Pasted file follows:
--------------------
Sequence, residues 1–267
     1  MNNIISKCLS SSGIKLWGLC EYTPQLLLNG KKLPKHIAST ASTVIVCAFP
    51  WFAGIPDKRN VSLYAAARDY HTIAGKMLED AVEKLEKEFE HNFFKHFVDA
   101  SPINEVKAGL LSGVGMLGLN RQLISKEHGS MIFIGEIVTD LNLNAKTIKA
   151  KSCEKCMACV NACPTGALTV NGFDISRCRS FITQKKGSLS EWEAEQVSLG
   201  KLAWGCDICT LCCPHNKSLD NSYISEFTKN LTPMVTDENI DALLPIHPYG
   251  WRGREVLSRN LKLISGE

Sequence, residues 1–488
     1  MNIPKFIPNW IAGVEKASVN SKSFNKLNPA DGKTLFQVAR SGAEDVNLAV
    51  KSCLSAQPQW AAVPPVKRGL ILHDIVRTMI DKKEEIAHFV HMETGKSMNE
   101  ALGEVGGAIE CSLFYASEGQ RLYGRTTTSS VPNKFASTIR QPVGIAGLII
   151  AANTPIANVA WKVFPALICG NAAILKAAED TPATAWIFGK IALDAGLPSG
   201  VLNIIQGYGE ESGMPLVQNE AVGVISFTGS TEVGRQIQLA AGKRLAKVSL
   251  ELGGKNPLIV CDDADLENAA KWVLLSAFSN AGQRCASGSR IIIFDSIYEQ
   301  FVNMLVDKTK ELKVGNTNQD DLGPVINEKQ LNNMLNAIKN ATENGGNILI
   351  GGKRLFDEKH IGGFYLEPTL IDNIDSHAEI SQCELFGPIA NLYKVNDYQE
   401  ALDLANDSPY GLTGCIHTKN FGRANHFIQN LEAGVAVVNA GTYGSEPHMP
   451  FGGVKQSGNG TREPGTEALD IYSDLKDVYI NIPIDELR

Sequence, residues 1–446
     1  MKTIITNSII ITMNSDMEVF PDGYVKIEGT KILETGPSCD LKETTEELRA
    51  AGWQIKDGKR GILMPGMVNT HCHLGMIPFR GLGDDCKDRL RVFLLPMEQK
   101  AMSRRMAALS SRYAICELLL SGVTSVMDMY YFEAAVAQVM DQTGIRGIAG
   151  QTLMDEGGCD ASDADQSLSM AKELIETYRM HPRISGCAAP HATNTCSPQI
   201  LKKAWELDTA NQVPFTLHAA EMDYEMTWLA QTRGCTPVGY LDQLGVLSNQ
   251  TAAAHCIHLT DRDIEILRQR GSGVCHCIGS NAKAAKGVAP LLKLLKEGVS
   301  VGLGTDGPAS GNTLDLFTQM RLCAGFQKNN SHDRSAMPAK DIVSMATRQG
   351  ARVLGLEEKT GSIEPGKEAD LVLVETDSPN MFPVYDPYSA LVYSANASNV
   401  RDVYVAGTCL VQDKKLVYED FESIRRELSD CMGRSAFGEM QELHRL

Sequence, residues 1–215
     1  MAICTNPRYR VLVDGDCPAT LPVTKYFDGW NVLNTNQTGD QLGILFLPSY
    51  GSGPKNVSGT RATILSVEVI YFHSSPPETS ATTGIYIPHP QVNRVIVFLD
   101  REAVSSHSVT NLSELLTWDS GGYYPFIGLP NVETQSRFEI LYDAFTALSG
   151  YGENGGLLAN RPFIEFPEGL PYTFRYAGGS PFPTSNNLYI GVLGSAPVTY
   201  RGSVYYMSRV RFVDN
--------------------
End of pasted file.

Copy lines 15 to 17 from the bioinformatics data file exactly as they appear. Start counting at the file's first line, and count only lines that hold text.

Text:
   301  FVNMLVDKTK ELKVGNTNQD DLGPVINEKQ LNNMLNAIKN ATENGGNILI
   351  GGKRLFDEKH IGGFYLEPTL IDNIDSHAEI SQCELFGPIA NLYKVNDYQE
   401  ALDLANDSPY GLTGCIHTKN FGRANHFIQN LEAGVAVVNA GTYGSEPHMP